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Whatever Happened To The Original Cast Of Jumanji?

In 1995, the world was introduced to the movie "Jumanji," a modern classic that became one of the top ten grossing films of the year and spawned an entire franchise of sequels, spin-offs, board games, video games, and even an animated TV series. Originally, many critics panned the film, believing it to be too "traumatic" for children, as Roger Ebert believed, or criticized the special effects, as we see in the Washington Post (an odd criticism, since "Jumanji" would go on to win a Saturn Award for best special effects). But the film's enduring legacy, popularity, (and, of course, its box office results) tell a very different story. In fact, families are still buying copies today for their home collections. "Jumanji" is often considered one of the top 100 family films of all time.

The film's plot is deceptively straightforward: In 1969, young Alan Parrish is sucked into a board game. Decades later, siblings Judy and Peter Shepherd discover the game and begin to play, releasing Alan and a whole host of natural disasters, angry wildlife, and even a vengeful hunter. With its relatively small cast, many of the actors have gone on to become familiar silver screen faces, while others have become Hollywood legends. Here's a look at what the beloved cast is up to today.

Bonnie Hunt (Sarah Whittle)

This recognizable actress has been a Hollywood darling for almost 40 years, a skilled comedienne who even co-founded an improv troupe back in the '80s. In fact, during the filming for "Jumanji," Robin Williams (famously a brilliant improv actor) and Hunt agreed to stick to the script, according to a New York Times interview, but would also beg the crew for one more improv take, just for fun. (If someone could please find these outtakes, the rest of the internet would be very grateful.)

All jokes aside, Hunt was the only actor from "Jumanji" to win an award for their performance, taking home the Saturn Award for best supporting actress for her performance as Sarah Whittle. Oddly enough, in a New York Times interview, "Jumanji" director Joe Johnston recalls thinking that Hunt's portrayal of Sarah was "completely over the top. But once she made me understand what her character had gone through to become this crazy lady, she sold me." Clearly, Bonnie Hunt knows best.

Bonnie Hunt starred in several award-winning films in the '90s, notably "Jerry Maguire" and "The Green Mile," and went on to become one of the most familiar Disney voices, with eight films and counting under her belt. Currently, she voices Ms. Flint in the Disney/Pixar series "Monsters at Work" while acting in and producing "The Corona Dialogues: A Dylan Brady Project,” an independent comedy short film series created during (you guessed it) the COVID-19 pandemic. Hunt's newest project will see the creator write, executive produce, and act as showrunner for the new Apple children's series, "Amber Brown."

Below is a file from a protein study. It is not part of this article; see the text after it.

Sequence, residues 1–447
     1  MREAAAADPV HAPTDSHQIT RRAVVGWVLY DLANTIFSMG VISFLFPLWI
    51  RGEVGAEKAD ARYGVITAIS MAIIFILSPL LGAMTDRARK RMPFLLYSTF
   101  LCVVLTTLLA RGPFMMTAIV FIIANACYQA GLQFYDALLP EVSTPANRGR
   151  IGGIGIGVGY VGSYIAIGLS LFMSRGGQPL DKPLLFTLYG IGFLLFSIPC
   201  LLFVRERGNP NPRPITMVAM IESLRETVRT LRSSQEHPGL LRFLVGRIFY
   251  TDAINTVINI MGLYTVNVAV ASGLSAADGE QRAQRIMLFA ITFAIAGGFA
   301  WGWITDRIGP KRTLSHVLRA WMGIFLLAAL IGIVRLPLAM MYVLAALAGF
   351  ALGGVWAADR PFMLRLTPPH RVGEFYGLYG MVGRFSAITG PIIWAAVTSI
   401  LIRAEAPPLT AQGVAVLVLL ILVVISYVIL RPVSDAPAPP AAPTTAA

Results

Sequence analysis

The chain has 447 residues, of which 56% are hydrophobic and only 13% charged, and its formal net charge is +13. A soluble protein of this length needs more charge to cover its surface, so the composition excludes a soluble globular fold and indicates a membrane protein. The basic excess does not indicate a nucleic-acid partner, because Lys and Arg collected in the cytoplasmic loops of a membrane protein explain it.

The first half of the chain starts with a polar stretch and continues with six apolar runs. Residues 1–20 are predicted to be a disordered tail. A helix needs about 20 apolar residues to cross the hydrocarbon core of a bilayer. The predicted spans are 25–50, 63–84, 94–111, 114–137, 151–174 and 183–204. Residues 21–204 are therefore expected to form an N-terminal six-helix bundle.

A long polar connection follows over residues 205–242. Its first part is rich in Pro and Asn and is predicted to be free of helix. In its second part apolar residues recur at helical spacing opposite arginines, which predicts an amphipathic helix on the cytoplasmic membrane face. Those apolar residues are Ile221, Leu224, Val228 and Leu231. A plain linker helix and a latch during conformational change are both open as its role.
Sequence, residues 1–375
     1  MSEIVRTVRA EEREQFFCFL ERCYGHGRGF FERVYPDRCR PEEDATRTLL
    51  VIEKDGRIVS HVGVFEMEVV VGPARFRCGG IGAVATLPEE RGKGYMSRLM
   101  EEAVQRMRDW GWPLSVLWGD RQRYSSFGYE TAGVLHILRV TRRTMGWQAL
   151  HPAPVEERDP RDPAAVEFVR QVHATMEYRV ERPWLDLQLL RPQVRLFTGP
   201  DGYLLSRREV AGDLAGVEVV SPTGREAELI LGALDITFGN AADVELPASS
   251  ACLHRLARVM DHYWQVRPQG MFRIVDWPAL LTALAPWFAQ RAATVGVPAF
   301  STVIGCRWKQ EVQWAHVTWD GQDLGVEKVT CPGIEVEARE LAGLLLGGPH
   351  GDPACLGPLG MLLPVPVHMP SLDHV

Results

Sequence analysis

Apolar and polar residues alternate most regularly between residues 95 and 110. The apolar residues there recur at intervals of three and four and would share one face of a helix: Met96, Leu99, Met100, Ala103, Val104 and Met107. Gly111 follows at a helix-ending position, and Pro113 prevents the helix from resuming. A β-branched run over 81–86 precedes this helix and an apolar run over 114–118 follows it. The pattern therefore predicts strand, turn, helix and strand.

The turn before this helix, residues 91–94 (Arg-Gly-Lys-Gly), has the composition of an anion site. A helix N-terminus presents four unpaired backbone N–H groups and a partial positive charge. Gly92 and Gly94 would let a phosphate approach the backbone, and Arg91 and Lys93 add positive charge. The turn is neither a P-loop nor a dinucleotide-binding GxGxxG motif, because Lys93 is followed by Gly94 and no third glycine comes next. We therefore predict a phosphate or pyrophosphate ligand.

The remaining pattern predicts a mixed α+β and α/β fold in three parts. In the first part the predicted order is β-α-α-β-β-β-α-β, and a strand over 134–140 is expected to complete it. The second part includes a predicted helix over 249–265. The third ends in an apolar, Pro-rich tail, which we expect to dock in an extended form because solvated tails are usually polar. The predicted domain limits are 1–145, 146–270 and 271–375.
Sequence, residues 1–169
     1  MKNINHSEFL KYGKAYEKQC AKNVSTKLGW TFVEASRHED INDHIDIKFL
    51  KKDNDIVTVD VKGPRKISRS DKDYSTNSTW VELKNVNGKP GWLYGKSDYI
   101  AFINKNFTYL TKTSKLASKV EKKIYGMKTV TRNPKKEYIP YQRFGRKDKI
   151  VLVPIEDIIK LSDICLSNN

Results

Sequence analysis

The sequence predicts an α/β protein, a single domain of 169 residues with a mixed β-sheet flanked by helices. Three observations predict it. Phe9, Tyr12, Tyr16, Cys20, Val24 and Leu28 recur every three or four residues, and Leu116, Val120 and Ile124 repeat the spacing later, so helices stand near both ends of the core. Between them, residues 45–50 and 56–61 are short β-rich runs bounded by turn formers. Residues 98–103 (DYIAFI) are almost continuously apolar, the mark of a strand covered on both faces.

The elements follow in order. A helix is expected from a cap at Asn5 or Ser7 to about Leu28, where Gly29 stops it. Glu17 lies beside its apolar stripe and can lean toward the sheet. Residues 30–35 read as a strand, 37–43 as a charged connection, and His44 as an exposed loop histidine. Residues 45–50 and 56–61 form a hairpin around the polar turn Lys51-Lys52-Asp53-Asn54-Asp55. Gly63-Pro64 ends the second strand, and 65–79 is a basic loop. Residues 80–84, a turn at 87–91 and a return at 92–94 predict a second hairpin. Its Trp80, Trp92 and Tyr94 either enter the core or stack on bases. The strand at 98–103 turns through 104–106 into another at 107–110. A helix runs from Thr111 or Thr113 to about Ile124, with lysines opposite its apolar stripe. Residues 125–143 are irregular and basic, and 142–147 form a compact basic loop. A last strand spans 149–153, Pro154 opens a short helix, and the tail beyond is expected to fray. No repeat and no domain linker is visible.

Kirsten Dunst (Judy Shepherd)

Kirsten Dunst might only have been 13 years old when she played Judy Shepherd on "Jumanji," but she was already a seasoned actress, having starred in 1994's "Interview with the Vampire" at the age of 10. Funnily enough, Scarlet Johansson actually auditioned for the role of Judy, but the part went to Dunst instead. According to Bebe Neuwirth in an interview with the New York Times, on the set of "Jumanji" Dunst had "a depth. Even as a child, she was a very interesting actress who had something unusual about her." It's no surprise then that Dunst was nominated for a Saturn Award for best performance by a young actor for her portrayal of Judy Shepherd in "Jumanji."

These days, she's as big a star as ever. She recently married her long-time partner Jesse Plemons, who she met while playing his wife in Season 2 of "Fargo," and who was also her co-star in the Oscar award-winning "The Power of the Dog." "Fargo" and "The Power of the Dog" have garnered the actress an Emmy nomination and an Academy Award nomination, respectively.

Fans can also watch her on the 2019 Showtime series, "On Becoming a God in Central Florida," for which she was nominated for a Golden Globe award. She's also been attached to the new Alex Garland film, "Civil War," which isn't a period drama, but instead a sci-fi action film set in near-future America.

Bradley Pierce (Peter Shepherd)

Not only was he young Peter Shepherd in "Jumanji," notoriously growing a prehensile tail after a fateful roll of the dice, but Bradley Pierce also voiced everyone's favorite teacup, Chip, in Disney's "Beauty and the Beast." Beyond that, Pierce had dozens of guest roles in popular TV series during the '90s, such as "Star Trek: Voyager," "Days of our Lives," and "Roseanne." Later, he would star in 1997's "The Borrowers" with John Goodman and Tom Felton (who went on to play Draco Malfoy in the "Harry Potter" franchise).

Nowadays he's focused mainly on voice acting, though he's produced several short films and a TV series, "Andy the Android Dick." His latest acting credit was for the 2020 short film "The Connectionist." Pierce has also found success in the mixology world with his company, Pierce and Luna (co-founded with his partner, Bella Luna), which creates cocktails, features classes, and hosts events.